One day in the early sixties, Saul Zucker, a pediatrician and anesthesiologist in the Bronx, was treating the child of a New York assemblyman named Alexander Chananau. Amid the stethoscoping and reflex-hammering of a routine checkup, the two men got to talking about polio, which was still a threat to the nation’s youth, in spite of the discovery, the previous decade, of a vaccine. At the time, some states had laws requiring the vaccination of schoolchildren, but New York was not one of them. In his office, on the Grand Concourse, Zucker urged Chananau to push such a law, and shortly afterward the assemblyman introduced a bill in the legislature. The proposal encountered resistance, especially from Christian Scientists, whose faith teaches that disease is a state of mind. (The city’s health commissioner opposed the bill as well, writing to Chananau, “We do not like to legislate the things which can be obtained without legislation.”) To mollify the dissenters, Chananau and others added a religious exemption; you could forgo vaccination if it violated the principles of your faith. In 1966, the bill passed, 150–2, making New York the first state to have a vaccination law with a religious exemption. By the beginning of this year, forty-six other states had a version of such a provision; it has proved to be an exploitable lever for people who, for reasons that typically have nothing to do with religion, are opposed to vaccination. They are widely, and disdainfully, known as anti-vaxxers.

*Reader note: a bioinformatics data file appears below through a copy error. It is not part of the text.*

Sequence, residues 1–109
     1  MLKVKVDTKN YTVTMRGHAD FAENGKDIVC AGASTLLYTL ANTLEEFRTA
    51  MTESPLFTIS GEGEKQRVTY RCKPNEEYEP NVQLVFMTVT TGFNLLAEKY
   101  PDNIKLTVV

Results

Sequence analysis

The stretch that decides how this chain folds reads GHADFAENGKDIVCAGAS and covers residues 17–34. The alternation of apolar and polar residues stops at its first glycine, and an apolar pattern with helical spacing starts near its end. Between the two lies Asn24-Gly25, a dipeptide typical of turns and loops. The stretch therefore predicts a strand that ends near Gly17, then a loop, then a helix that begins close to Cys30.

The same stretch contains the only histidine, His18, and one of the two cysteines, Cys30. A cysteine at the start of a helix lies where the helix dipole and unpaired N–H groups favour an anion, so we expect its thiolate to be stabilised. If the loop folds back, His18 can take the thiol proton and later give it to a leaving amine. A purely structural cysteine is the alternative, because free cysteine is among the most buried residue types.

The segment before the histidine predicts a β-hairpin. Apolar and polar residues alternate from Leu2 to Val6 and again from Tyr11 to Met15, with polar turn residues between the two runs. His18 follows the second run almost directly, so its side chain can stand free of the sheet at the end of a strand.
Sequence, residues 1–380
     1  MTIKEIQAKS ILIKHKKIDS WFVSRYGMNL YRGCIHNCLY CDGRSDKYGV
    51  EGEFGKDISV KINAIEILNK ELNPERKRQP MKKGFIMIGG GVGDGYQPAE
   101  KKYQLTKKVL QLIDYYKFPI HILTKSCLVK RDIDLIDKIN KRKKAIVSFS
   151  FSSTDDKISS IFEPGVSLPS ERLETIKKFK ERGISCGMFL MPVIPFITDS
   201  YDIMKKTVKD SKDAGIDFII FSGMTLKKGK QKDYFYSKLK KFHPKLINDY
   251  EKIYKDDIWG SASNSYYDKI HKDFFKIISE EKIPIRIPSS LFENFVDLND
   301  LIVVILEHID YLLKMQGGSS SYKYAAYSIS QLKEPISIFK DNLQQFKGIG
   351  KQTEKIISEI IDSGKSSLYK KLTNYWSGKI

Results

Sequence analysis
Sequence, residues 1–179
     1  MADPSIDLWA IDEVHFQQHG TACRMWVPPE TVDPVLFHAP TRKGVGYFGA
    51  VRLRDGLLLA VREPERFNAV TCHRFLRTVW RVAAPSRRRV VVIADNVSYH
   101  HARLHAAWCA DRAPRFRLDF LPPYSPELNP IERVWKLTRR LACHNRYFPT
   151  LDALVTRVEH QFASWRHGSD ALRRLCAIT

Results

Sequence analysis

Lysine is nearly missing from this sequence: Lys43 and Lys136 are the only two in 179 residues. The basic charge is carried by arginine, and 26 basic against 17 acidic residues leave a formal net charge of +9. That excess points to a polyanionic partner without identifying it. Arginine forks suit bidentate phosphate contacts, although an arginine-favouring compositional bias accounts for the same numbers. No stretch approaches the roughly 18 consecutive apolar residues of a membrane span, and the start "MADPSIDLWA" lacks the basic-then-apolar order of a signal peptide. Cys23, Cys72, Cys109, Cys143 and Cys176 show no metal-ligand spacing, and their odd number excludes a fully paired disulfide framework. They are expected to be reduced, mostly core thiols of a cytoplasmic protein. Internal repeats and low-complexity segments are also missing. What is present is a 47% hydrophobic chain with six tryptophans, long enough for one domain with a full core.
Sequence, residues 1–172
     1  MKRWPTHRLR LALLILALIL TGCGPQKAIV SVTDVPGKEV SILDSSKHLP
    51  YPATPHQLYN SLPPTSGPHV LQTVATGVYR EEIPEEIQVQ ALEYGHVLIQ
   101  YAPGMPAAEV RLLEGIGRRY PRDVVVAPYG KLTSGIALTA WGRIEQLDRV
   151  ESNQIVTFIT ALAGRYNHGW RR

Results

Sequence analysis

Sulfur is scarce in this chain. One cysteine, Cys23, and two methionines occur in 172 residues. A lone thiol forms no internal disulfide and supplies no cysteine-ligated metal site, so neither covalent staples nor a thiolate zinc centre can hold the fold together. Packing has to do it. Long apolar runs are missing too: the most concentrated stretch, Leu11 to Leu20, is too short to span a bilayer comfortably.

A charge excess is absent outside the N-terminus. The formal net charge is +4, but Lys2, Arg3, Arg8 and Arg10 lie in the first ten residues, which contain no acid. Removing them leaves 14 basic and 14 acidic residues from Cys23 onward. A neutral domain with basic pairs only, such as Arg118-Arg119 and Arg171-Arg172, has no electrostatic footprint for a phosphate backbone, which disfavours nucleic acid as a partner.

Saul Zucker died in June, five months short of his hundredth birthday. Less than two weeks later, the New York Legislature voted to remove the religious exemption, after a contentious debate during which anti-vaxxers harangued from the galleries. Governor Andrew Cuomo signed the bill that night. Following all this on a live stream was Howard Zucker, Saul’s son. Zucker is a doctor—a pediatrician and an anesthesiologist, like his father, and a cardiologist—as well as a lawyer. He is also New York State’s commissioner of health. For more than six months, he’d been at the forefront of an effort to beat back the anti-vaccination movement, as a result of a measles outbreak in the state. Its severity had goaded politicians to change the law, with his support. Because of the success of the anti-vaccination movement, measles cases have since turned up in twenty-nine other states, but New York has had by far the most cases: 1,046 as of last week, out of a national total of 1,203. This has threatened to wind back decades of success in the containment of the disease since the first measles vaccines were introduced, in 1963—an era when the United States saw between three million and four million cases a year. In 2000, the U.S. declared that measles had been eliminated in the country; if this outbreak isn’t contained by October, it could jeopardize the nation’s so-called measles-elimination status. This would be a dire step back for our public-health system, and a national embarrassment. (Britain, well acquainted with national embarrassment, lost its elimination status this year.)